Socialist Worker

We’re halfway to catastrophe—but the blinkers are firmly on

The Paris climate summit may fall short, but a movement can grow out of opposition to it, says Martin Empson

Issue No. 2480

Time to Act climate demonstration in London earlier this year

Time to Act climate demonstration in London earlier this year (Pic: Socialist Worker)


Up to 122 million more people will be in extreme poverty by 2030 as a result of global warming, according to a World Bank report released last week.

Hundreds of thousands of people already die every year due to the effects of droughts, crop failures, floods, severe weather and other effects of global warming. Many millions more are at risk.

Climate change is intensifying the inequality capitalism produces.

And the world is getting hotter. The World Meteorological Office (WMO) said that global temperatures are now, on average, one degree celsius higher than pre-industrial temperatures.

That’s halfway to the two degree rise that countries are supposed to stay below in order to avoid catastrophic climate change.

As Michel Jarraud, secretary?general of the WMO, said, “We are moving into uncharted territory at frightening speed”.

As we get closer to the climate talks in Paris reports reinforce what we already know—that global warming is getting worse and its impacts will hit the poorest first and hardest.

Poorest

Another report in the science journal Nature concluded that “climate change will reduce average income in the poorest 40 percent of countries by 75 percent in 2100”.

In the face of this it might be expected that the representatives of 190 countries gathering in Paris at the start of December will agree urgent action to reduce emissions.

Yet it looks like any agreements made will miss the crucial two degree target.

Poorer nations are demanding that richer countries also provide more finance for them to reduce emissions and mitigate the impacts of already existing warming.

But this is being resisted. That means the protests taking place in the West during the summit are even more important.

So the key protests in Britain are demonstrations in Cardiff and Glasgow on Saturday 28 November and London on Sunday 29 November.

The Paris conference is likely to lead to an agreement that falls far short of what is needed.

But the protest movement that rises in opposition to the sellout can gain confidence and the strength to fight on.


Climate activist Iara Kaiser

Climate activist Iara Kaiser


Let’s seize this opportunity to build a fight against the climate wreckers

Across the world people are getting organised to protest during the summit. Demonstrations have been called in cities including New York and Berlin on 28 and 29 November as the summit begins.

Students are encouraged to skip school as part of a global Climate Strike involving groups from Benin and China to Zambia and Nepal. In Britain the protests are backed by over 60 national organisations—from trade unions and the National Union of Students to NGOs.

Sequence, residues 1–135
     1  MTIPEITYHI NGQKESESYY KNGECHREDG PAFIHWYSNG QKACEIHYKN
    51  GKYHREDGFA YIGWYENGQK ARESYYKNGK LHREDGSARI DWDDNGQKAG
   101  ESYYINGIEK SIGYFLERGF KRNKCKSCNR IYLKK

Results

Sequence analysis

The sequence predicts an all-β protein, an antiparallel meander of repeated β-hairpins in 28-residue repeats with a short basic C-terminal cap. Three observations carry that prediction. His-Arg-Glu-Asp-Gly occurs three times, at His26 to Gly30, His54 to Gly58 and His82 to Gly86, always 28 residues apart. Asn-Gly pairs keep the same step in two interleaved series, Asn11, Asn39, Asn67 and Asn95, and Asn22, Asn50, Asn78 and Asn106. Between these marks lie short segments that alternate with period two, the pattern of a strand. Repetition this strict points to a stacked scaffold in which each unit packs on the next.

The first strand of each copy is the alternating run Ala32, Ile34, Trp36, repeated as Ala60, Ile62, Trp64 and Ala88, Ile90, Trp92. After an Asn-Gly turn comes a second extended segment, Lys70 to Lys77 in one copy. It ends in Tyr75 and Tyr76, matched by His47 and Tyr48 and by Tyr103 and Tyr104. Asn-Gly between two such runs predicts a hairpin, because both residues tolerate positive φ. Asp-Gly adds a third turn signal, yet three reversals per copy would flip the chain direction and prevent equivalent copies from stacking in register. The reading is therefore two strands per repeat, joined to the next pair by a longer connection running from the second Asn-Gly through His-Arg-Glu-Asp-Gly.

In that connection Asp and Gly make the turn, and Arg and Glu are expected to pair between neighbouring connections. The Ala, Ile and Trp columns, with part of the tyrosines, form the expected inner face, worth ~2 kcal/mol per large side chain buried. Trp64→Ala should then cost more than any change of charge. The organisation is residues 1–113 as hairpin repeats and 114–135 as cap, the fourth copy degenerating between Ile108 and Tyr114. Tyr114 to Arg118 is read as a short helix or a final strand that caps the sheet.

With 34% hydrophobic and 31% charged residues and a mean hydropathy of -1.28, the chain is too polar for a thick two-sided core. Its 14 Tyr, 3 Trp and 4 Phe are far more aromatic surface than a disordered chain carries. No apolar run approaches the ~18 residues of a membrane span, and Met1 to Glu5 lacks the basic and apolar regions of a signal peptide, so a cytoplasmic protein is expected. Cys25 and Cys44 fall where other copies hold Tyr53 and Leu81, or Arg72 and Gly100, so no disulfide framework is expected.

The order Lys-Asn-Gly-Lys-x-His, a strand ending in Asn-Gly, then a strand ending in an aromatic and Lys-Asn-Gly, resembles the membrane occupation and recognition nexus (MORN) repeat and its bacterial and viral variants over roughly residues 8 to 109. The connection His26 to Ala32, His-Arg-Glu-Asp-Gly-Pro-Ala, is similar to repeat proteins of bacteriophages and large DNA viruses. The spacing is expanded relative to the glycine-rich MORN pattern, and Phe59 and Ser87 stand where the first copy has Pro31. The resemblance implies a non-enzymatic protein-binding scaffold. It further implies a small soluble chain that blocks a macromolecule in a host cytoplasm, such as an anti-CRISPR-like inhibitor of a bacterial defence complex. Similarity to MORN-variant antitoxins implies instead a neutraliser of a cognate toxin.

Local groups and union branches have booked and begun to fill coaches, such as the Portsmouth City Unison union branch.

Around 100 people attended a mobilising meeting at Manchester University on Thursday of last week. Other meetings brought 50 people to York and 90 to Chesterfield.

The high point had been set to be in Paris itself, with plans for mass rallies, debates and widespread civil disobedience.

But the French government’s state of emergency called after the Paris attacks last week could affect the demo. It must not be allowed to get away with using terrorism as an excuse to defend the polluters who are destroying the environment. If the demo is banned, those who oppose climate chaos must be prepared to defy it.

This is not the first time climate summits have been met with international protests.

The last high water mark was around the Copenhagen talks in 2009, when the deals that will be revised in Paris were made.

Then many had high hopes in the talks—and particularly in new US president Barack Obama. They were disoriented when those hopes were betrayed.

But now many protesters are ready for a longer fight.

Hastings student Iara Kaiser told Socialist Worker, “I don’t think anything is going to come out of the summit—that’s exactly why it’s important to protest.

“People can never get their hopes up about politicians. They talk all high and mighty about how they are going to do something. But there needs to be a lot of investment that they aren’t prepared to do.

“The people who have the power to change that are the protesters and activists who can put pressure on them.”

Judith Orr


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